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Topic: Fundamental Theorem of Calculus: derivative is inverse to integral #7 textbook 5th ed. : TRUE CALCULUS; without the phony limit concept
Replies: 38   Last Post: Jun 21, 2013 6:16 AM

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 Peter Percival Posts: 2,623 Registered: 10/25/10
Re: Fundamental Theorem of Calculus: derivative is inverse to integral
#7 textbook 5th ed. : TRUE CALCULUS; without the phony limit concept

Posted: Jun 18, 2013 2:59 AM

Nam Nguyen wrote:
> On 17/06/2013 4:37 AM, Alan Smaill wrote:
>> Nam Nguyen <namducnguyen@shaw.ca> writes:
>>

>>> On 16/06/2013 10:34 PM, Nam Nguyen wrote:
>>>> On 16/06/2013 5:55 PM, Nam Nguyen wrote:
>>>>> On 16/06/2013 3:03 PM, Alan Smaill wrote:
>>>>>> Nam Nguyen <namducnguyen@shaw.ca> writes:
>>>>>>

>>>>>>> On 15/06/2013 1:44 AM, Peter Percival wrote:
>>>>>>>> Nam Nguyen wrote:
>>>>>>>>

>>>>>>>>>
>>>>>>>>> No the inductive definition says that in your case of "{0, s(0),
>>>>>>>>> s(s(0)), ... }" we'd have:
>>>>>>>>>
>>>>>>>>> (1) (0 e U) and (s(0) e U) and (s(s(0)) e U)
>>>>>>>>> (2) (x e U) => (s(x) e U).
>>>>>>>>>
>>>>>>>>> In stipulation (2) it does _NOT_ say x must necessarily be finite.

>>>>>>>>
>>>>>>>> That is why you need a third clause that says (or has the effect
>>>>>>>> that)
>>>>>>>> the set being defined is the smallest such U.

>>>>>>>
>>>>>>> that's
>>>>>>> _his_ definition, _his_ defending of something, we're talking about.

>>>>>>
>>>>>> It's the standard definition, not mine.
>>>>>> And this advice is of course correct.

>>>>>
>>>>> State it then in the technical language manner, as I did (1) and (2).
>>>>> Let's postpone discussing anything else until you could do this.
>>>>>

>>>>
>>>> After that then of course you'd next show that your final U would
>>>> contain _only_ individuals that are finitely encoded.
>>>>
>>>> I don't think that's possible but we'll wait to see how you might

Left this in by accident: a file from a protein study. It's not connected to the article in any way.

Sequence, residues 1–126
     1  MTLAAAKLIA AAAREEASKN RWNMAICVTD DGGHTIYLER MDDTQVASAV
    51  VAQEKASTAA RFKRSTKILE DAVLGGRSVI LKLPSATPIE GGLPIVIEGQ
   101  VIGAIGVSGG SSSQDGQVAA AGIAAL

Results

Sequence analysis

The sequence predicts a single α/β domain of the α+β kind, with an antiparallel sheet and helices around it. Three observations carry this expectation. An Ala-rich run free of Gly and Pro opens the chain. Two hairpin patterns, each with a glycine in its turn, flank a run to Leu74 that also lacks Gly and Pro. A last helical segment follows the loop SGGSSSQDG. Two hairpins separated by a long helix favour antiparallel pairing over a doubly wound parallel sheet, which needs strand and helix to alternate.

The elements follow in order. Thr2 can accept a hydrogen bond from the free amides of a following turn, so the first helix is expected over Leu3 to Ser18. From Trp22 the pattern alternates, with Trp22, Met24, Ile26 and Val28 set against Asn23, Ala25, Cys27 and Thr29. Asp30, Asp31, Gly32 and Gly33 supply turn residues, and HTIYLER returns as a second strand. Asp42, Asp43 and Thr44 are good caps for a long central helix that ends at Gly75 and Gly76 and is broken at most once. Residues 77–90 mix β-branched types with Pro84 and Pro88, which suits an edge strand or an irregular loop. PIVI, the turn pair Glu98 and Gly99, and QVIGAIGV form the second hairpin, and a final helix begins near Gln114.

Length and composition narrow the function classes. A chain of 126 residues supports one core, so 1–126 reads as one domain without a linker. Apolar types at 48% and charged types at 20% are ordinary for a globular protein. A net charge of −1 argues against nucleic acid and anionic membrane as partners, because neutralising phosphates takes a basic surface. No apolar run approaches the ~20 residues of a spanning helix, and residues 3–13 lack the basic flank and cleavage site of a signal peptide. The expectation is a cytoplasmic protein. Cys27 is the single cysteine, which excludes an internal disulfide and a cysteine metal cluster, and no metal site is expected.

>>>> do that, would be my guess.

>>>
>>> Also, the following is just a note, a suggestion of mine which you're
>>> free not to take it of course.
>>>
>>> Looking at Peter's "the set being defined is the smallest such U"
>>> (above) reminds me of something, which is that for a 2 given infinite
>>> sets S1 and S2, it might be the case that there are _two distinct_
>>> _senses_ of "smaller" between them:
>>>
>>> - S1 is smaller that S2 in the sense that S1 is a _proper subset_ of
>>> S2,

>>
>> That is the intended sense.

>
> Well then, what makes you so sure your constructed U couldn't be
> uncountable

A set is countable if it can be put in one-to-one correspondence with a
subset of the natural numbers. So how could the set which defines the
set of natural numbers be uncountable?

> and couldn't contain individuals that aren't finitely
> encoded? After all, S1 being a proper subset of S2 says nothing about
> their cardinality.
>

--
I think I am an Elephant,
Behind another Elephant
Behind /another/ Elephant who isn't really there....
A.A. Milne

Date Subject Author
6/16/13 Alan Smaill
6/16/13 namducnguyen
6/17/13 namducnguyen
6/17/13 namducnguyen
6/17/13 Peter Percival
6/17/13 Peter Percival
6/16/13 Alan Smaill
6/17/13 Alan Smaill
6/17/13 namducnguyen
6/18/13 Peter Percival
6/17/13 Alan Smaill
6/17/13 namducnguyen
6/18/13 Peter Percival
6/19/13 Alan Smaill
6/19/13 namducnguyen
6/19/13 namducnguyen
6/19/13 Peter Percival
6/19/13 Alan Smaill
6/19/13 namducnguyen
6/19/13 namducnguyen
6/20/13 Peter Percival
6/20/13 Alan Smaill
6/20/13 namducnguyen
6/21/13 namducnguyen
6/21/13 Alan Smaill